Y'all need alla y'all to differentiate from summa y'all as in "We'll all meet summa y'all at the pool hall unless alla y'all wanna go!" Got it?
John, I understood that perfectly well. No kidding; I really did. C'est Bon.
My first trip to St. Martinville was in '83. There was a restaurant where the menu was in both French and English. The placard at the Evangeline Oak is in both languages as well.
That same year, I was in Alec for a few nights; I remember a TV station that broadcast the news in French. A couple of years ago, the restaurant in St. Martinville no longer had French menus, and I believe the Alec TV station no longer broadcasts in French.
A customer in Youngsville told me that as a child in the forties, they would get paddled at school if they spoke French.
Sadly, so much of the area's uniqueness has been diluted. However, whenever our aerial applicator conventions are in Lafayette, there are still good natured arguments about restaurants. For me, I still can't choose a favorite between Prejeans and Lagneaux's.
I am not a southerner (well, okay, born in North Carolina, but that was an accident of war - I really am a St Louisan). I do love language and discussions about language, though, and I agree with what has been said above. "Y'all" is already plural. "All y'all" is not redundant, though, it is an emphasizer. In other words, in standard broadcast English, I might say to a group of people, "You need to study this material before tomorrow." If I wanted to stress that I meant that everyone in the group really needed to do it, I might say, "All of you need to study this material before tomorrow." That is the function of "all y'all," in my opinion.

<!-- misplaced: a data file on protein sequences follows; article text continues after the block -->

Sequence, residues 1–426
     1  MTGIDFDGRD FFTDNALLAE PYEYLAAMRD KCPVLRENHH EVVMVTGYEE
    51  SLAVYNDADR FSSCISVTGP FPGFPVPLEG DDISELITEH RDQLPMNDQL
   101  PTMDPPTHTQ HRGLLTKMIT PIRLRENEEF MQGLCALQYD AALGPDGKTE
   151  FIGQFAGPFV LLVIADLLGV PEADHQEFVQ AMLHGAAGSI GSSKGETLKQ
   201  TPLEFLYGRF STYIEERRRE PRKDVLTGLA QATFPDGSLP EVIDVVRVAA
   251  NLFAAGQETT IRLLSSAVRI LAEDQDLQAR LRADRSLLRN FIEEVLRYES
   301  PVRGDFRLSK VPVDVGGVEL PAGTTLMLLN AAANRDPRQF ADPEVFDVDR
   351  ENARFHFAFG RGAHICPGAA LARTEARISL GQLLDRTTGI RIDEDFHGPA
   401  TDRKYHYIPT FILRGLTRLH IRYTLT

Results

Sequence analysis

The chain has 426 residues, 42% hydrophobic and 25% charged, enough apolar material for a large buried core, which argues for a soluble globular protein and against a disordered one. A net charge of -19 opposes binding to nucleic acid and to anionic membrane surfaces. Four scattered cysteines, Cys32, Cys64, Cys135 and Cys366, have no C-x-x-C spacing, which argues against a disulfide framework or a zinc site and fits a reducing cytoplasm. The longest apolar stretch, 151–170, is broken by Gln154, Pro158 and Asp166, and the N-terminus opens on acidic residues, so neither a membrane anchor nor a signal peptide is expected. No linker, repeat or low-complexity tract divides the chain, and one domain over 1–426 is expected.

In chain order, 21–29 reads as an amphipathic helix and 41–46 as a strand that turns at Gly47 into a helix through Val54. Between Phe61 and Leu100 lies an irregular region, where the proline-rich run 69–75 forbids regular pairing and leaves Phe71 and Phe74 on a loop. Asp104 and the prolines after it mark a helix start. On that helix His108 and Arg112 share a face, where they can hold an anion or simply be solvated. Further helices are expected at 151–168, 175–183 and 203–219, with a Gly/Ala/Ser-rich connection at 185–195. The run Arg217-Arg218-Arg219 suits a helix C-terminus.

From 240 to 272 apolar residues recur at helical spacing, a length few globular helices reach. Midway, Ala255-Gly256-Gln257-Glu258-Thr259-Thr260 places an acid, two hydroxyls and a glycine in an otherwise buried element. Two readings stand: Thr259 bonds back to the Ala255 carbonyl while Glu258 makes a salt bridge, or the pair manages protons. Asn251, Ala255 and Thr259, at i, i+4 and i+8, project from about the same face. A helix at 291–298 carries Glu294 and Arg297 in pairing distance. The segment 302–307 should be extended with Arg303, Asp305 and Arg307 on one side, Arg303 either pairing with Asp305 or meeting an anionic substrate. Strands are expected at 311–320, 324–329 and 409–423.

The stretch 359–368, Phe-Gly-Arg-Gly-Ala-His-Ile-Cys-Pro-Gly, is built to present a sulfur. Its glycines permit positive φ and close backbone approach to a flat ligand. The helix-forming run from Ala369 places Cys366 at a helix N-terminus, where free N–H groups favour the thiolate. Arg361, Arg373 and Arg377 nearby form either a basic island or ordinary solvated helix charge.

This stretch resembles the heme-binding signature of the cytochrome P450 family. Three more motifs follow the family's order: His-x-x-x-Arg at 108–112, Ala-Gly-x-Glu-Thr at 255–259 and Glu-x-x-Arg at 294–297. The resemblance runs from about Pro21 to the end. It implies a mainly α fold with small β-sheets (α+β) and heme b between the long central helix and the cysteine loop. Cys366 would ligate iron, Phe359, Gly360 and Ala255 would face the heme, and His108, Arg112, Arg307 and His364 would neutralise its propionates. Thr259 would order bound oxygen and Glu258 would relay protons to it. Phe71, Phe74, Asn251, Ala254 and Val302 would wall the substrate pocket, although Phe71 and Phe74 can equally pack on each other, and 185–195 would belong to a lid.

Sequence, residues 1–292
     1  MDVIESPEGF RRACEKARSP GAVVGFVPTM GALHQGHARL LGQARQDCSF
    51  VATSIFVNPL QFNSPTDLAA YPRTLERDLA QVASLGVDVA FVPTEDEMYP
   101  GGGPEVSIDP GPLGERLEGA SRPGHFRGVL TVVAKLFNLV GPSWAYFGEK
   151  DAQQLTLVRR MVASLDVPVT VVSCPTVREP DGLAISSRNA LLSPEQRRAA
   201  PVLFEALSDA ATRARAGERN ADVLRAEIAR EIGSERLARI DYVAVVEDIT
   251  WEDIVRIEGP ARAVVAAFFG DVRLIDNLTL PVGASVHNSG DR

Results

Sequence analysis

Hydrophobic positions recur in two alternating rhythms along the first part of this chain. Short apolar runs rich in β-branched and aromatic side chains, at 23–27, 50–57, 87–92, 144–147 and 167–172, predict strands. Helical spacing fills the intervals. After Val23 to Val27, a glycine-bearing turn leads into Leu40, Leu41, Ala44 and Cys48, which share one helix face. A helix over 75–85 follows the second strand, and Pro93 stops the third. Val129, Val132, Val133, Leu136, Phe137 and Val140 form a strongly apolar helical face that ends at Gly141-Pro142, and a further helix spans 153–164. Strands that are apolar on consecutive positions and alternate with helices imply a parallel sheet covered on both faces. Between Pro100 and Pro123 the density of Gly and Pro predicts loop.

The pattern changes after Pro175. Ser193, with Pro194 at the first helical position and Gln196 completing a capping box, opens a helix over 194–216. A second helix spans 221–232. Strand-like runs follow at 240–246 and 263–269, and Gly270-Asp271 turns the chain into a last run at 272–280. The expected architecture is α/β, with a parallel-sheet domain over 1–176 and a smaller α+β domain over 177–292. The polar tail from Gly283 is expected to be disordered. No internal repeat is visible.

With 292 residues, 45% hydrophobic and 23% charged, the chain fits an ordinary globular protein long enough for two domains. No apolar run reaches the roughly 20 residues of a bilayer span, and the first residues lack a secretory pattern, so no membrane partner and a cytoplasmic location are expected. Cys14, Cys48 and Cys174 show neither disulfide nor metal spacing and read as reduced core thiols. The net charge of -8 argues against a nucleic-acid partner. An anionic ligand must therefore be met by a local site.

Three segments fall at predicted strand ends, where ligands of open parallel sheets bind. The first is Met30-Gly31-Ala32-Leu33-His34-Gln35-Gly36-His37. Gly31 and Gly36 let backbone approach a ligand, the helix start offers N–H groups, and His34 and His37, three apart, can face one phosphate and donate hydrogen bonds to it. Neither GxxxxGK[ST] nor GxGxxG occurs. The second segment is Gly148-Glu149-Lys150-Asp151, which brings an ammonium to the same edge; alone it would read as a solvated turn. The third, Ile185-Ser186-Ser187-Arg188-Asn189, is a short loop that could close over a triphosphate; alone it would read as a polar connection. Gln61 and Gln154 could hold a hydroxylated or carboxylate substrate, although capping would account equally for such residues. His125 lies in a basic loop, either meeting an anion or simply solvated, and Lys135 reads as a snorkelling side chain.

Dick -- As usual, your opinion is right on. That's a surprisingly astute analysis coming from a non-Southerner.
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I am truly amazed at some non-southern folk who think they better understand what is being said than the person doing the talking.
If a tree falls in the woods and no one is around, does it make a sound? Just ask a yankee and, not only will he tell you what sound it made, but he'll also tell you what it intended to say.
It's a southern thing, y'all don't understand.
Being new to the Southern culture (now about thirty four years)there is also a singular term that is used when y'all is not appropriate. It is "onlyest". Like "you are the onlyest one I know that can do that".
Hal: I knew someone from Ga would understand it. My wife did that to me years ago and she is from GA. Dan
When yuins git y'all figgerd out I'll be watchin' all y'all.......
My sister-in-law from Alabama moved to Boston 20 or 25 years ago. She has long since lost her Southern accent and sounds to us like a native Bostonian. Her in-laws disagree. They say she has s Southern accent. However, when pressed to explain, they admit its not the accent, but the terminology. She still uses Southern terminology, but with a Boston
I was saying she uses Southern terminology but with a Boston accent. For instance, she might say "I'm fixin' to go to the store." But with a Boston accent. Its weird.
In Australia it is "youse". :-)